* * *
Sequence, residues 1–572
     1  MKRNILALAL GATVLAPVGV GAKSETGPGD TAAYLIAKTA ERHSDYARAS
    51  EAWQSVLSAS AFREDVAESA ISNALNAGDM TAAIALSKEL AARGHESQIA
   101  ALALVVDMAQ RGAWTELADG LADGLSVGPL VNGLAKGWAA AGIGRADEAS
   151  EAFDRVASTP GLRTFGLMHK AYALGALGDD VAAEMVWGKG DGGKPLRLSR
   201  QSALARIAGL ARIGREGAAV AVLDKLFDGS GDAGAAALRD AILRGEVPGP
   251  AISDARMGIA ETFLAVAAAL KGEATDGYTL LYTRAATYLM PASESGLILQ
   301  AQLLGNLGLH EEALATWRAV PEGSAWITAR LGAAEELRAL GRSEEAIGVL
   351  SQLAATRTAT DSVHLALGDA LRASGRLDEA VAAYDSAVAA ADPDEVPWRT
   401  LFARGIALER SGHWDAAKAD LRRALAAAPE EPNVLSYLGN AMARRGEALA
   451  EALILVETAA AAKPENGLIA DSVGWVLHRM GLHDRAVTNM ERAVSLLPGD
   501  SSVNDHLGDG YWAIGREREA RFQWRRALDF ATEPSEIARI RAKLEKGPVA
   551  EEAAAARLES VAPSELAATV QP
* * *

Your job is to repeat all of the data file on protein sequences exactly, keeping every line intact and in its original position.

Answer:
Sequence, residues 1–572
     1  MKRNILALAL GATVLAPVGV GAKSETGPGD TAAYLIAKTA ERHSDYARAS
    51  EAWQSVLSAS AFREDVAESA ISNALNAGDM TAAIALSKEL AARGHESQIA
   101  ALALVVDMAQ RGAWTELADG LADGLSVGPL VNGLAKGWAA AGIGRADEAS
   151  EAFDRVASTP GLRTFGLMHK AYALGALGDD VAAEMVWGKG DGGKPLRLSR
   201  QSALARIAGL ARIGREGAAV AVLDKLFDGS GDAGAAALRD AILRGEVPGP
   251  AISDARMGIA ETFLAVAAAL KGEATDGYTL LYTRAATYLM PASESGLILQ
   301  AQLLGNLGLH EEALATWRAV PEGSAWITAR LGAAEELRAL GRSEEAIGVL
   351  SQLAATRTAT DSVHLALGDA LRASGRLDEA VAAYDSAVAA ADPDEVPWRT
   401  LFARGIALER SGHWDAAKAD LRRALAAAPE EPNVLSYLGN AMARRGEALA
   451  EALILVETAA AAKPENGLIA DSVGWVLHRM GLHDRAVTNM ERAVSLLPGD
   501  SSVNDHLGDG YWAIGREREA RFQWRRALDF ATEPSEIARI RAKLEKGPVA
   551  EEAAAARLES VAPSELAATV QP